Wealth Insights (March 2017)

Faster Growth, Fading Deflation

Richard Jerram
Chief Economist
Bank of Singapore
Member of OCBC Wealth Panel

The pickup in global growth seen in late 2016 has extended into the new year. This should pull the world further away from the risk of deflation and means we can look for turning points in monetary policy outside the U.S.

The purchasing managers’ index (PMI) offers a simple and timely guide to the state of the economic cycle, where 50 is the line between expansion and contraction. The global PMI pushed comfortably into positive territory in 2H 2016 and the January reading was the best since early 2014.

The improvement is broad-based. The United States, the Eurozone and Japan have all seen a striking improvement. This is in line with other measures, such as trade flows, or economic surprise indicators.

In the United States, the gains started well before the election, but there are signs that small business confidence has surged over the past couple of months, perhaps on hopes of less regulation (such as lower healthcare costs) and tax cuts. Consumer confidence has also pushed higher, suggesting that President Trump’s supporters believe that he can “make America great again”.

Most emerging markets hit bottom some time in 2015 and a combination of weaker exchange rates, better domestic policy settings and a rebound in commodity prices have driven an improvement in business conditions. The chart below compares the most recent PMI with the low of 2015, where readings to the right of the diagonal indicate improvement.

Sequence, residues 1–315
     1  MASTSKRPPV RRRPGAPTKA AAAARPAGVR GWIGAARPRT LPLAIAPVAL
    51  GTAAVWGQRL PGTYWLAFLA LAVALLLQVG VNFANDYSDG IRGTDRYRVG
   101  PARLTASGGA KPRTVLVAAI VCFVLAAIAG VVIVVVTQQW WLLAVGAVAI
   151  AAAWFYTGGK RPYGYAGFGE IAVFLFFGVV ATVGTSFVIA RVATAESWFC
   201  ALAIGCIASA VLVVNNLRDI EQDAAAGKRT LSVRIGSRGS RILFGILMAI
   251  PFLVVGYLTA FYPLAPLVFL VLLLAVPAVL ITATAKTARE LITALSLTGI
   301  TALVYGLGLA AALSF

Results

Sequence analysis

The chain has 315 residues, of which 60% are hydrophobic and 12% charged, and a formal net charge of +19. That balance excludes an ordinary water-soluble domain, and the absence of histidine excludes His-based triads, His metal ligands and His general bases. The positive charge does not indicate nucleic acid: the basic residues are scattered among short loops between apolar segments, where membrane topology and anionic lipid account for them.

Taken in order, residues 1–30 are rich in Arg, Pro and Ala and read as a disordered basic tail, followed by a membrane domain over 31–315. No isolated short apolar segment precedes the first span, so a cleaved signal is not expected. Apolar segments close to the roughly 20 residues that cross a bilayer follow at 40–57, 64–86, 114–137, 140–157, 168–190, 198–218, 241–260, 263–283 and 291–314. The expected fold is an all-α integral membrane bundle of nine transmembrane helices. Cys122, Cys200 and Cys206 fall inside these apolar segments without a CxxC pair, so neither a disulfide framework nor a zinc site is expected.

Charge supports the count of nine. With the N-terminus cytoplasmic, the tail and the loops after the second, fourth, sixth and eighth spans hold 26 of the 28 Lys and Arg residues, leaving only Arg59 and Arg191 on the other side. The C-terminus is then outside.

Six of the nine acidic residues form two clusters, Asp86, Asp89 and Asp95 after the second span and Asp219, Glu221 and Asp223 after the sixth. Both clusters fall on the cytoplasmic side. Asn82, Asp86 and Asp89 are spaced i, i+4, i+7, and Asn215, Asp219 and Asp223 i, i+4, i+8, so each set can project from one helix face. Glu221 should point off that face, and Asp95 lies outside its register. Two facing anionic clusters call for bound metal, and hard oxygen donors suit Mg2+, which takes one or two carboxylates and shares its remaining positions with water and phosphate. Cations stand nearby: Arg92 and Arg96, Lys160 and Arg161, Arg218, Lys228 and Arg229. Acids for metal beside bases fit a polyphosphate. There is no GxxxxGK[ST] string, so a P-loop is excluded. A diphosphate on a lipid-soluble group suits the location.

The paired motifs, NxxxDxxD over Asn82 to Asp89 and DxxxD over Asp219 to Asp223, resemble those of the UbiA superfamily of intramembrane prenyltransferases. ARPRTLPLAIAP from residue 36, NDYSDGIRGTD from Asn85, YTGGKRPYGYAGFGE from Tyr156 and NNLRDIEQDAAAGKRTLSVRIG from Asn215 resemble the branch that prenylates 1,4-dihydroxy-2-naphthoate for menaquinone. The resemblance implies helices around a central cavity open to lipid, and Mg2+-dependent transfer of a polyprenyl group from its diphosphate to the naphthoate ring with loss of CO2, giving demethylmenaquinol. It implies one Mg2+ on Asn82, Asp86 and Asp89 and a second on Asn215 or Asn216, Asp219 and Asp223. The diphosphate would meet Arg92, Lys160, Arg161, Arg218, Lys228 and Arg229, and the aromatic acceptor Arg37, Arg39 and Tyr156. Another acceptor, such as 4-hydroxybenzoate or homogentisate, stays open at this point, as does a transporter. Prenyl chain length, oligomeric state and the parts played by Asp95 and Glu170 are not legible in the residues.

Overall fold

Emerging markets seem particularly exposed to policy uncertainty in the United States, through the risk of protectionism or of faster Fed rate hikes if Trump pursues a much looser fiscal policy. They are more resilient than during the 2013 taper tantrum, but could still struggle.

Stability in China has contributed to the broader emerging market rebound, with policy support again boosting growth. The recent squeeze on housing and tighter monetary policy means that PMIs are likely to slip in coming months – this appears to have started in the January readings. However, the immediate threat to China is from U.S. trade policy rather than domestic imbalances. Key officials in the Trump administration have a history of being very critical of trade relations with China.

If we put a renewed appetite for fiscal stimulus in the developed economies on top of this mid-cycle growth acceleration and rebound in commodity prices, it means that reflation replaces deflation as a market theme. This is a big swing from as recently as 2015 when around 60 per cent of the global economy faced inflation below 1 per cent, so had a real danger of falling into deflation. This year is set to be more regular, with only about 10 per cent of the world experiencing uncomfortably low inflation.

Reflation brings monetary policy consequences. By now we are accustomed to discussion of the timing of U.S. rate hikes although there is too little focus on quantitative tightening, which is set to start in 2018. However, reflation implies that the next move in monetary policy in the Eurozone and Japan is likely to be towards tightening. This will take the form of tapering bond purchases in Europe and a higher target for 10-year bond yields in Japan.

This challenges the primacy of U.S. monetary policy tightening and undermines the idea that the U.S. dollar should be exceptionally strong. We still believe U.S. dollar will remain firm but do not see huge upside from these elevated levels.